A victory for abortion rights in Arkansas is not all that it seems

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Abortion rights victories are getting more and more tenuous in the hands of the conservative Supreme Court.

Last week, the Eighth Circuit Court of Appeals handed abortion advocates in Arkansas a victory when it upheld a lower court's ruling blocking four laws that restricted or banned abortion from taking effect. However, the concurrences in the case highlight the fragility of access, providing a roadmap of how to undermine the constitutional right to an abortion.

There are two laws at issue in the case: one that would ban all abortions after 18 weeks and one that would ban the procedure depending on the reason given for seeking an abortion. The Eighth Circuit held that both laws violated the Constitution.

Back in 1992, the Supreme Court decided Planned Parenthood v. Casey. In that case, the court found that "a State may not prohibit any woman from making the ultimate decision to terminate her pregnancy before viability." 

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In considering the Arkansas laws, the Eighth Circuit said it relied on "uncontroverted medical testimony" that viability isn't possible until at least 24 weeks. Because of that, Arkansas' 18-week ban was unconstitutional. 

The "reason"  ban ran into the same problem, the court found, because it would have prohibited the procedure at any point in a pregnancy, something that is clearly unconstitutional 

Though the Eighth Circuit found itself bound by Casey's framework, two of the three judges on the panel wrote concurrences explaining that the Supreme Court should throw out the viability standard, which has been part of how the constitutionality of abortion restrictions have been assessed since Roe v. Wade

The concurrence from Justice Bobby Shepherd, a George W. Bush appointee, stated that he believes that "good reasons exist for the [Supreme] Court to reevaluate its jurisprudence" regarding viability. He said the viability standard is "unsatisfactory" because it doesn't account enough for the "substantial state interest in potential life throughout pregnancy." 

Moreover, Shepherd contended that state legislatures, not the Supreme Court, should "determine the appropriate interest in protecting unborn children."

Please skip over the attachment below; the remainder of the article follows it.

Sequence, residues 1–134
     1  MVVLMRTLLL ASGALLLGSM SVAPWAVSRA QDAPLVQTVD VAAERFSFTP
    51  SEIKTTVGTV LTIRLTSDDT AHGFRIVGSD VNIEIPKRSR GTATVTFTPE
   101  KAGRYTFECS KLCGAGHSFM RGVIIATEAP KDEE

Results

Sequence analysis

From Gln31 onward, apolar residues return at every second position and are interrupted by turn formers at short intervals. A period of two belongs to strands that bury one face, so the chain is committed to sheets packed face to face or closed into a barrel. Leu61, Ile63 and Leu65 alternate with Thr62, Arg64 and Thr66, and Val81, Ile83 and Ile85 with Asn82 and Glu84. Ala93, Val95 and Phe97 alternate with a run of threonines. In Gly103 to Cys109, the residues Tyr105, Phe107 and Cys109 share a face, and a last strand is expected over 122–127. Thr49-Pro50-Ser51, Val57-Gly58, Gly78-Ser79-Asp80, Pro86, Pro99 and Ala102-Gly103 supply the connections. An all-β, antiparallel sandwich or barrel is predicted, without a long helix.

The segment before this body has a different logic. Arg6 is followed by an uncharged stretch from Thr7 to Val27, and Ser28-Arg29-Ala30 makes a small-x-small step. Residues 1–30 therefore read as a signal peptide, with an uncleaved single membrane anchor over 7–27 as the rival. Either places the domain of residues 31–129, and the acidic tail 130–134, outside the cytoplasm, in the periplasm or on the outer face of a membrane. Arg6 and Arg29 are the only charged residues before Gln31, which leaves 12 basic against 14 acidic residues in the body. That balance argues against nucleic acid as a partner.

Judge Ralph Erickson, a Trump appointee, both joined Shepherd's concurrence and wrote his own, with largely the same underpinning: that the "state's interest in nascent life" should trump that of the person needing an abortion and that the viability standard should be replaced. 

This idea — that the state Legislature should decide, arbitrarily and in contravention of medical information about viability, as to when an abortion is proper — could be seen as the ultimate slippery slope. It leaves abortion laws with no constitutional underpinning or framework at all, and would let state legislatures ignore medical testimony and the needs of people who need abortions, all in the name of an "appropriate interest." 

The concurrences in this case serve the same function as that of Chief Justice John Roberts in last summer's June Medical v. Russo. In that case, Louisiana tried to require doctors to have admitting privileges at local hospitals. There, Roberts grudgingly sided with the majority because the Supreme Court had decided a very similar case only a few years earlier, striking down the admitting privileges law. 

However, Roberts then pivoted to explaining all the types of burdens on abortion that he would be just fine with, including waiting periods, mandatory counseling, and parental consent laws. Lower courts, including the Eighth Circuit, immediately latched on to Roberts' concurrence to move abortion restrictions forward. 

Here, the concurrences from Judges Shepherd and Erickson do the same thing. They agree with the decision, but only because precedent requires them to do so. Indeed, Judge Erickson wrote that he "deeply regret[s] that precedent forecloses a balancing of the state's actual interest against the woman's right to choose."

What Chief Justice Roberts and these judges are doing is asking both state legislatures and the courts to reevaluate abortion laws in the hopes that restrictive laws will stick. 

With that, abortion rights victories are getting more and more tenuous, and the ever-present specter of an anti-choice majority on the Supreme Court looms over all these cases. The concurrences in this Arkansas case are a plea for the Supreme Court to throw out the viability standard, and it is only a matter of time before that court gets an opportunity to do so.